- Far Short of Heaven
In Aunt Mary’s Parlor
Were they donated or all untimely plucked, Those faded peacock feathers blindly peri- Scoping from an erstwhile churn beswagged with pink Paper dog roses made by, yes, Aunt Mary.
And above the feathers: an antique painting, A still life from a calendar. “Everything But dates,” said Uncle Ev, who did the framing. Aunt Mary said some fireside days made her think
She could smell those crimson pears, fine Tryon grapes, Copper scuppernongs, half melon, fat black figs. Some early mornings she could as good as taste The white-flesh peach. By contrast a milk glass dish
On her sideboard held varicolored creekbed Pebbles, multishaped, washed smooth. Chocolate candies. How she admired a sly disguise (moth, snake, bird, Blossom . . . feathers imitating leaves or eyes).
“Any thing wants to make a fool of me, I’ll Meet halfway,” she liked to say, “but in the case Of mankind—preachers, lawyers, all that ilk— I watch ’em close. Too much mouth, too little class.”
She made a few exceptions: Helen Keller She thought a woman of great courage and skill, Five miles wiser than the mass of her fellows. But even her kind blue eyes were made of glass. [End Page 190]
Remarked Aristotle when he had just begun to toddle, “At the risk of sounding prophetic, I expect to become quite peripatetic.”
Cheops said, “Pre-ops Khufu wore a tutu.”
Paul Gauguin enfin went Marquesan. It did not take much persuasion.
Elbridge Gerry must have found it scary being caricatured by Gilbert Stuart.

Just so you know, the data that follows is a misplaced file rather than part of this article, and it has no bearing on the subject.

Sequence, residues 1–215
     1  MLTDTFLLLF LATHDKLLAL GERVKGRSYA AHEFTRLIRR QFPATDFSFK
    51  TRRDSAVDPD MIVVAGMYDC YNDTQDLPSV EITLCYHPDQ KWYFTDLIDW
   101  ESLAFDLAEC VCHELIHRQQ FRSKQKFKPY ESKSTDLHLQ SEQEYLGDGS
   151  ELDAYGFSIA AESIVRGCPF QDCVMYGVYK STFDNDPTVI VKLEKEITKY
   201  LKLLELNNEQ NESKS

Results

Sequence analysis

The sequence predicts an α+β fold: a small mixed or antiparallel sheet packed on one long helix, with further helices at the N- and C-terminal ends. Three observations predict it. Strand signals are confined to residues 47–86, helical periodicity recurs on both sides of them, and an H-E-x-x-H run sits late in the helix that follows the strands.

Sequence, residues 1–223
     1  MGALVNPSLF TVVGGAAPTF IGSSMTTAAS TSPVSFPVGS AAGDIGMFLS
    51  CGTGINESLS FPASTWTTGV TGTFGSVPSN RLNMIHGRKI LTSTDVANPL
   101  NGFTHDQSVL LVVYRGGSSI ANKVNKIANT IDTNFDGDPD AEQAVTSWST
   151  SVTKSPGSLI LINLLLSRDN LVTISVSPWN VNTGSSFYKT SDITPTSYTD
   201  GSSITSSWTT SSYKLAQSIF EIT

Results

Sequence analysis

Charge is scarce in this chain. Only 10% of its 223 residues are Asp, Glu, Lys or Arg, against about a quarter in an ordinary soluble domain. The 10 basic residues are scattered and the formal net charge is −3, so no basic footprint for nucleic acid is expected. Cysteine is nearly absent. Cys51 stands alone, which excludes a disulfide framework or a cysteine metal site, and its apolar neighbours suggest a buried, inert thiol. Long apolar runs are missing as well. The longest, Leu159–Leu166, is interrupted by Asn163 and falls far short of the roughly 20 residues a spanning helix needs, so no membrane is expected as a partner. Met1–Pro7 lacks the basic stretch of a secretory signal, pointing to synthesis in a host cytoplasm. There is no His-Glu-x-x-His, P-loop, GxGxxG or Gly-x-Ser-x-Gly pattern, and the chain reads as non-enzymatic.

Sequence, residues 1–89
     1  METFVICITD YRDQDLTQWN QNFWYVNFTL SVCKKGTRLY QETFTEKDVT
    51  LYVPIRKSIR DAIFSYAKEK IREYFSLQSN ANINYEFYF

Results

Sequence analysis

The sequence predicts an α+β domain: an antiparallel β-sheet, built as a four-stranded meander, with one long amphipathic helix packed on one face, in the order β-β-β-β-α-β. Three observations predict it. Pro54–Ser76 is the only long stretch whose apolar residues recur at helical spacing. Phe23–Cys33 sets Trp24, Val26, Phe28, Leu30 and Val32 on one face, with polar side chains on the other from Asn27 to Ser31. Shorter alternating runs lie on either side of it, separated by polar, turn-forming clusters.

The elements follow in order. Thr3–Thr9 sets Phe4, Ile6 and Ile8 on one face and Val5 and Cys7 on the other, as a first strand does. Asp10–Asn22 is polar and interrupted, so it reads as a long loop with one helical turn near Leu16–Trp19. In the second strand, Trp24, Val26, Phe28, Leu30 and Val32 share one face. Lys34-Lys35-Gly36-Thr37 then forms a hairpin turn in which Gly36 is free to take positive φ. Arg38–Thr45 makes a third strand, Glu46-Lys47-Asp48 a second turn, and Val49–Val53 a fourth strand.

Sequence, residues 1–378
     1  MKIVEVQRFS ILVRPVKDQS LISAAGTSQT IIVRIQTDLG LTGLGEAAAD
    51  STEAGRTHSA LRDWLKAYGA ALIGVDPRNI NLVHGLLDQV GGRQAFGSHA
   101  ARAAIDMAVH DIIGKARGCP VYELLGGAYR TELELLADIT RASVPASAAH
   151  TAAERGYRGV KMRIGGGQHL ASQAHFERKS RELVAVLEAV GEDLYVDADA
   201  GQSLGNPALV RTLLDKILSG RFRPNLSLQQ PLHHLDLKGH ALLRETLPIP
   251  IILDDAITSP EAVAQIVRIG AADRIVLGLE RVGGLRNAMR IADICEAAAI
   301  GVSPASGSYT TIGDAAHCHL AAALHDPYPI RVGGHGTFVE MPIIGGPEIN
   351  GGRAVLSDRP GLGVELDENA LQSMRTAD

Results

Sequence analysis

George Ellery Hale often went beyond the pale (egged on by an elf, who was surely himself). “I suffer,” he said, “from Americanitis.” That’s how he enlightened us.
David Hockney painted Procne post-malign, pre-passerine. [End Page 191]
Edwin Henry Landseer considered animals quite dear. He found even mice nice.
Captain William Lynch believed that in a pinch each law of man and God demands being taken into one’s own hands. That’s why a certain stench attends the name of William Lynch.
August Ferdinand Möbius suffered all manner of phobias: He was certain to lose his grip if someone said, “Möbius! Strip!”
Elisha Graves Otis gave notice that he could not bear to climb another stair. A short time later: The Elevator.
Pope Pius Eleven fell far short of heaven, having signed a treaty with Benito Mussolini.
Pope Pius Twelve was able to shelve his conscience and snooze through the plight of the Jews. [End Page 192]
Ed Minus, a regular contributor, has published poetry in the New Republic, the New England Review, Jacaranda, Natural Bridge, and Hawk & Whippoorwill.